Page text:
The ACT Government is moving to disband the Exhibition Park Corporation, bringing management of the venue back under control of the bureaucracy.
Exhibition Park has struggled financially, with a loss of $916,000 in the last 12 months. Its annual report refers to the blow from the loss of major events including the National Tally Room.
The move to disband the corporation comes as the Government eyes Exhibition Park and the racecourse for major development as part of its light rail project. But Treasurer Andrew Barr said the two were not related.
Mr Barr tried to disband the corporation five years ago but was blocked by the Greens, including Shane Rattenbury, who was concerned about loss of community input at the venue. Now a Minister in the Government, Mr Rattenbury will no longer stand in the way, convinced, he says, by the Government's arguments and the failure to involve the community in the intervening years.
Exhibition Park will be managed by the territory venues and events unit, which also manages Canberra Stadium, the Manuka Oval and Stromlo Forest Park.
Mr Barr said the move would allow sharing of expertise across the venues in areas like event planning, sales and marketing, security and insurance, and shared use of equipment. The governan ce and business obligations on the corporation were onerous given its size, he said. Exhibition Park also hosted not for-profit events, which was challenging given the commercial focus, and provided support in-kind to groups, which was at odds with its need to make a commercial return.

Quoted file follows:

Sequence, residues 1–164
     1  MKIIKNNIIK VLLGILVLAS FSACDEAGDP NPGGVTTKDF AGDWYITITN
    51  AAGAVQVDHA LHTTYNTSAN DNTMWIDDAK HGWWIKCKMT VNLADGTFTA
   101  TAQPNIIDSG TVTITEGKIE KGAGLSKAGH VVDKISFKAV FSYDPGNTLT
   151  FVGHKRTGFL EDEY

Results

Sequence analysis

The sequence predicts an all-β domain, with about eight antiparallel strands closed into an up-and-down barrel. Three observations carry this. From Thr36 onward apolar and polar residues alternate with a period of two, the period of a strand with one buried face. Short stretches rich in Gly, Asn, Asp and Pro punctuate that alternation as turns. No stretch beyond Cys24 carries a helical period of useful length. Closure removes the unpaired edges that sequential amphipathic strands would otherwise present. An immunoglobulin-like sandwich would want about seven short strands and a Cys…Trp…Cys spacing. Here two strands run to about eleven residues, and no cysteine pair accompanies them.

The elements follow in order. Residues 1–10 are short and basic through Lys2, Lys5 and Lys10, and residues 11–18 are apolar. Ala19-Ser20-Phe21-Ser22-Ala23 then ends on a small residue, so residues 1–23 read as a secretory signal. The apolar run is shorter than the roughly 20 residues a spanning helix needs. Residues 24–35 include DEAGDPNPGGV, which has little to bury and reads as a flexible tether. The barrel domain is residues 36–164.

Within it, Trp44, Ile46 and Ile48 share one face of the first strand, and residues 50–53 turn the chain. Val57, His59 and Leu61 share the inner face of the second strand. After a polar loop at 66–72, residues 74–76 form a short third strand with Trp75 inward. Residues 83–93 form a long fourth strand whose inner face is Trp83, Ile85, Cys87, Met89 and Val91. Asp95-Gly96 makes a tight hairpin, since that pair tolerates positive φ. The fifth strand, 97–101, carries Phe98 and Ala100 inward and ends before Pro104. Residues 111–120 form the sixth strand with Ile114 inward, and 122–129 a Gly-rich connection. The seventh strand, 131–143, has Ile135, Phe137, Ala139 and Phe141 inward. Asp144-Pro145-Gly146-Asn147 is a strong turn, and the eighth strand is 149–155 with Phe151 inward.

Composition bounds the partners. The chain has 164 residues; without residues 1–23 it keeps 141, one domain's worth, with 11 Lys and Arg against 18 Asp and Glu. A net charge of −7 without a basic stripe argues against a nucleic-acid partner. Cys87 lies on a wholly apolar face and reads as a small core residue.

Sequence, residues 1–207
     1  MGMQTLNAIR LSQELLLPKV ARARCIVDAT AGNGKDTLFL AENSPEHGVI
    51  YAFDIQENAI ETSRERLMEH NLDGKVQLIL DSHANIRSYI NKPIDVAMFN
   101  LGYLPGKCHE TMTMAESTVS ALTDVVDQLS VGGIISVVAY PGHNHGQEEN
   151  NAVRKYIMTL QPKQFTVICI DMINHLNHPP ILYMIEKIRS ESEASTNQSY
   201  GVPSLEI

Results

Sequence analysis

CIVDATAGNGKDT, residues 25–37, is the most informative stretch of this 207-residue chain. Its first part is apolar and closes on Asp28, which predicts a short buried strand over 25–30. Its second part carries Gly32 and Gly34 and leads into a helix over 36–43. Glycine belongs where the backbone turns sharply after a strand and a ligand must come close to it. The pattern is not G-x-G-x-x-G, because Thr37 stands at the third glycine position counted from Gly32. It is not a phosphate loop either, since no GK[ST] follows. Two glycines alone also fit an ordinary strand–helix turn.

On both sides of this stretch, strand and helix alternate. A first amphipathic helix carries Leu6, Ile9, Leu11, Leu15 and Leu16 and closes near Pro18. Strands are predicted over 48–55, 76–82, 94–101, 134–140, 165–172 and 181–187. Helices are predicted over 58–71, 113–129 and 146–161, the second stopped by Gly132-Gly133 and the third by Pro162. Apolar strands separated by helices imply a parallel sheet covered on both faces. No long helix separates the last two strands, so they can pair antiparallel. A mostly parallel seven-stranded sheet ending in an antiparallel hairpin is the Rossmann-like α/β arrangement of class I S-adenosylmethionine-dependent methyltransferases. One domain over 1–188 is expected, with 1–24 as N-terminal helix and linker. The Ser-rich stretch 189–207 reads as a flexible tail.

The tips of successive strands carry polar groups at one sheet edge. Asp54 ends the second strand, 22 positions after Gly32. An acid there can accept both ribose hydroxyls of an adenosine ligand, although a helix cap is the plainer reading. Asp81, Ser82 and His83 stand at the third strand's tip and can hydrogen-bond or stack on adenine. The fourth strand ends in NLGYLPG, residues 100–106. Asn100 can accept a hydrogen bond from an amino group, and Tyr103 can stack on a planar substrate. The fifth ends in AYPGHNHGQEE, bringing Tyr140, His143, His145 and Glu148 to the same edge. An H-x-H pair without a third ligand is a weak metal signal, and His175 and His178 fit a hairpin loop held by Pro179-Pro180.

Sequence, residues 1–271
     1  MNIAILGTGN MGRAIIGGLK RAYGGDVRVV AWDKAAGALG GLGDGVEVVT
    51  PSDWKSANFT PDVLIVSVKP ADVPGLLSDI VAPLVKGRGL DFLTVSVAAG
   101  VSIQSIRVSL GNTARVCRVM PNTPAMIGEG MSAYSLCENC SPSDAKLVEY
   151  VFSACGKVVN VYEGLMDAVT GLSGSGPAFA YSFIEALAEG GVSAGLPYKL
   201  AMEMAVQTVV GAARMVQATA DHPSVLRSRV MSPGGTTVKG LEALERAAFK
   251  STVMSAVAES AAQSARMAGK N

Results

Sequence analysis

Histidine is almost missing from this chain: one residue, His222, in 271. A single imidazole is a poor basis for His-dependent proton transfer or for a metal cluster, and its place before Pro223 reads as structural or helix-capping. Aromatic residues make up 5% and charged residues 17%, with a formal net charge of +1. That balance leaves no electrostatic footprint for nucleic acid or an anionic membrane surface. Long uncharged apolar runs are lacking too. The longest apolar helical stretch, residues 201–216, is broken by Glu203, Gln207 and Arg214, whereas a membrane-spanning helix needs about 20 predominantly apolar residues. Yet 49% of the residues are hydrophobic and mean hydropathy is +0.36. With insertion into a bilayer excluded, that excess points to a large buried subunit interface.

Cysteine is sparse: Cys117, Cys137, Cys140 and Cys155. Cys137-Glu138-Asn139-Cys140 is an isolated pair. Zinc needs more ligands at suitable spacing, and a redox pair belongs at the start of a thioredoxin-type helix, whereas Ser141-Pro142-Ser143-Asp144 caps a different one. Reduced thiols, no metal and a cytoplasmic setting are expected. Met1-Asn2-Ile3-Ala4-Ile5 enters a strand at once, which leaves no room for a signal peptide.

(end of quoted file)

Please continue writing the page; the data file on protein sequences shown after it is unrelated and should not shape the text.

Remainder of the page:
Asked about the 12 staff, he said no changes were planned.
It would be business as usual for Summernats, the Canberra Show, the National Folk Festival, the Capital Region Farmers' Market, Lifeline book fairs, the Craft and Quilt Show, dog shows and other events, Mr Barr said. The development of low-cost tourist accommodation would also continue. The abolition of the board would save about $35,000 a year.
Mr Rattenbury said it was "time to try something new".
"I'm willing to concede that the discussions we had over five years have been tried and it didn't play out that way," he said.
He dismissed any link with light rail.
"The governance structure's got very little to do with the future of land use at Exhibition Park," he said. "I don't think anybody denies that there will be some change in the precinct inevitably down the line. I don't think the governance structure of Exhibition Park really frankly matters a hoot as to how that plays out."
Exhibition Park's annual report reveals a liquidity ratio of 0.97:1. It comments that a ratio of less than 1:1 might indicate a need to call on the following year's income to meet short-term debts, but the corporation could continue to meet its short-term debts, it said. The Government had given it a $300,000 loan, with two years interest free.
The Exhibition Park Corporation was set up as the Canberra Showground Trust by the Commonwealth in 1976. It became a statutory corporation in 2005.
The Government has not outlined its longer-term plans for Exhibition Park in detail but the leaked rapid business case for the tram line, which will run straight past the entrance, set out a hefty vision.
It suggested as many as 2500 apartments in the Exhibition Park and racecourse precinct, which would include a "suburban business park", with hotels, private hospitals and indoor recreation facilities. It pointed to the Norwest business park in Sydney as an example.